Showdown at Hobart Gulch – Book and Film Globe

Last week’s drama in the literary world will really get us in the weeds, centering on the literary magazine, Hobart, and the famed Iowa Writers’ Workshop. On September 29, the magazine published an interview between a self-proclaimed “outcast from Iowa” Alex Perez and editor Elizabeth Ellen who caused the resignation of five editors and all kinds of opinions on the Internet.

The interview itself covers Perez’s life as a Cuban-American in Miami and dreams of playing baseball before diving into awakening, denouncing the MFA’s “grift” and lamenting that there is no have more room for writers of “male fiction”. A representative quote:

“I think every guy who writes from a heterosexual male perspective feels the pressure to apologize for his manhood. Let’s define male writing first, since we’ve talked about it many times. Male writing = writing on the concerns of heterosexual men from a non-feminist point of view. That’s not to say that the male writer can’t be a feminist or write about feminism or whatever, but he can’t care not to not be seen as a feminist or an ally, which is the main concern of most male writers now, which is why the writer you mentioned apologized. feminists will think of him, he is not a male writer because he will never be able to write honestly about the male condition. He will be the worst of all creatures: the soft male feminist.”

You can read an excellent synopsis and analysis of the interview on Gawker. This article quotes tweets from former editor Evan Fleischer as the beginning of this conversation:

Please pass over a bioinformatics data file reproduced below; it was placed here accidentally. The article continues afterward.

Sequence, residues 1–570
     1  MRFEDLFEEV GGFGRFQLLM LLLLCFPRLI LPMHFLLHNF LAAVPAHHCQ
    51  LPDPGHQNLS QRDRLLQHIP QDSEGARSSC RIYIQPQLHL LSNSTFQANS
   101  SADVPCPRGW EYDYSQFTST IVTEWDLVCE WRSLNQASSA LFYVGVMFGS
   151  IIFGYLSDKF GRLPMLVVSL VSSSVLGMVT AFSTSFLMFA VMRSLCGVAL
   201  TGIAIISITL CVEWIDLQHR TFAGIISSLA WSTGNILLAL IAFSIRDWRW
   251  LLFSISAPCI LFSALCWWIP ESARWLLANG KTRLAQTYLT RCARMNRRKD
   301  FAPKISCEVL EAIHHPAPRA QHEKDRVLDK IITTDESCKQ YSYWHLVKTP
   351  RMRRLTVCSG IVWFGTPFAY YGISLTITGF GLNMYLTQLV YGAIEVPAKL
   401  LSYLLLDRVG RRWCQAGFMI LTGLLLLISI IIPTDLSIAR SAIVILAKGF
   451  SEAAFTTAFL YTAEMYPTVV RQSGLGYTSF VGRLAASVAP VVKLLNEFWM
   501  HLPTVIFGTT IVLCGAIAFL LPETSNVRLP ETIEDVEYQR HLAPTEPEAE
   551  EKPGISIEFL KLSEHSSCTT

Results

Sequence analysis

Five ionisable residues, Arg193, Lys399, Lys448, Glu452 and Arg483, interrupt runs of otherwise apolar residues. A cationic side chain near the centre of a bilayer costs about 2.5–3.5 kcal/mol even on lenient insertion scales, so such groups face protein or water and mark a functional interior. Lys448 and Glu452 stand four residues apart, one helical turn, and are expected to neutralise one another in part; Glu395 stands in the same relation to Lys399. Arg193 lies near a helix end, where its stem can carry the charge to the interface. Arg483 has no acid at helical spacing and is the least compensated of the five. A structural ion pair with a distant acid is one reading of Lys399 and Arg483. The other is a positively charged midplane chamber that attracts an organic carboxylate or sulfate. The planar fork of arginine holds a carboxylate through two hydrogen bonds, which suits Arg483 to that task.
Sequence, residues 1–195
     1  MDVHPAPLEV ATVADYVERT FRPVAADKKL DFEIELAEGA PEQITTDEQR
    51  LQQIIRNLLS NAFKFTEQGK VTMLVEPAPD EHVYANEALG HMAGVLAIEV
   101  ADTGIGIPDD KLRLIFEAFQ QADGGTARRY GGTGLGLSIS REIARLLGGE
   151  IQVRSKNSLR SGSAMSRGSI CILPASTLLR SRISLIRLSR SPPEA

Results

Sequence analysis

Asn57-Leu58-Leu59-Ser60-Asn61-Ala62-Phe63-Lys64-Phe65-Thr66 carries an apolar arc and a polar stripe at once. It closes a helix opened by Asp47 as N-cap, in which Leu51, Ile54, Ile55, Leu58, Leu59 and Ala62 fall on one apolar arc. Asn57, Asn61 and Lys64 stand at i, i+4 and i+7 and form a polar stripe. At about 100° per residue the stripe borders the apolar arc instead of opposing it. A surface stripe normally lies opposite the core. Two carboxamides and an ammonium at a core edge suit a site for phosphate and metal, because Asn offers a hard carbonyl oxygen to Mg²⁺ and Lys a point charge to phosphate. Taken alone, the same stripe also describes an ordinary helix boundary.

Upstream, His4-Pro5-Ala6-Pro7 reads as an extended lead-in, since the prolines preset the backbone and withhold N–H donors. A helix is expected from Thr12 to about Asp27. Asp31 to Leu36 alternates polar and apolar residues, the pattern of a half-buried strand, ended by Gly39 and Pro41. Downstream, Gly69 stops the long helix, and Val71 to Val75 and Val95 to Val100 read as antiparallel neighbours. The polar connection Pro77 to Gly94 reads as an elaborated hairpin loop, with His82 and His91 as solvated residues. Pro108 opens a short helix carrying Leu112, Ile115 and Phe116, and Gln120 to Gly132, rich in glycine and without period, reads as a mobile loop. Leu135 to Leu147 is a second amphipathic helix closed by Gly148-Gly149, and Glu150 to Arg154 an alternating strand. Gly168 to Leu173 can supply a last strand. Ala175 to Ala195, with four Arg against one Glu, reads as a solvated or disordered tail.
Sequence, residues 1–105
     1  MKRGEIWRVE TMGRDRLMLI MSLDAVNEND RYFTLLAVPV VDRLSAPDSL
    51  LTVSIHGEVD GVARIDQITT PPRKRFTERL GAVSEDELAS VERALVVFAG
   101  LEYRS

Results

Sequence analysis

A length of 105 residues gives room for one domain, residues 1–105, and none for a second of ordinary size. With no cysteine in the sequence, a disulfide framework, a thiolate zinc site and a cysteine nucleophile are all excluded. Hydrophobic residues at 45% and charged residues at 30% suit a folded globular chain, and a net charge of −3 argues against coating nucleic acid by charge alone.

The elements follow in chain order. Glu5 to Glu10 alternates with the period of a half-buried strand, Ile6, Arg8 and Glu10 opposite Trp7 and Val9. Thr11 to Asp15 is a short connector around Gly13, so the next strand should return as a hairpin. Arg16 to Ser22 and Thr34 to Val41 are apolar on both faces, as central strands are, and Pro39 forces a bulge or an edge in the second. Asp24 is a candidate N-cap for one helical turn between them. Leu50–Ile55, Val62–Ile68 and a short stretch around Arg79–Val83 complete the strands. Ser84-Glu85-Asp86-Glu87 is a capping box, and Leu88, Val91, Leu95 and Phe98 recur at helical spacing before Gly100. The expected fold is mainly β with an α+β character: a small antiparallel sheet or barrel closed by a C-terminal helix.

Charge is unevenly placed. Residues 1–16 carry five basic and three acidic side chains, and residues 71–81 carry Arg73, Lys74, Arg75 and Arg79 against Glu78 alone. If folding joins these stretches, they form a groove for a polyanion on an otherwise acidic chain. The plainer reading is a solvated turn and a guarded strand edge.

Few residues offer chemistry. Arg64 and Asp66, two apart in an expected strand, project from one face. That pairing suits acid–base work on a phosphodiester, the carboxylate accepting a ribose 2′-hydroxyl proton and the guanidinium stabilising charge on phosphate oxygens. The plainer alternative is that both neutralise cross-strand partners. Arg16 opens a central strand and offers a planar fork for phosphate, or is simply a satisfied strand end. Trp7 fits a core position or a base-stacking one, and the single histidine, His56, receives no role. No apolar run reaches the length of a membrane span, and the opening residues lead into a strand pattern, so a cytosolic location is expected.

Writer Rion Amilcar Scott also has a great thread on Perez’s “token good boy” stories. Perez says in the interview:

“If you’re a POC, you can’t just submit any old story about the POC experience, but one in which the narrative framing is about victimization at the hands of America and ‘whiteness’ and all the other predictable tropes that now dominate literary fiction. When you write within this framework, you behave like a token good boy story, therefore, you have written a token good boy story. The trick to a token good boy story is to situate the “brown” characters as victims while providing woke white editors with pleasantly edgy scenes that never veer into the problematic, so they feel like they’re reading an “authentic” POC story. in Spanish or have a character cross the border and dodge a Border Patrol agent or two; you know, the stuff that makes woke white people salivate. e that in the literary scene, POC characters are only allowed to be victims or noble savages, ideally both – a pure brown person victimized by an evil white system.

“So the dude notes that at one point he wrote what he calls ‘token good boy stories’ because he thought that was the only way to get it published. But if he chose to write inauthentically is a decision he made, not a decision imposed on him. tweeted Scott. “Of course, what to do with white gaze is a challenge that every POC writer has to face and I don’t want to minimize the difficulty of it, but there are literally hundreds of years of patterns to follow if you want to write with integrity. Surrender is a choice.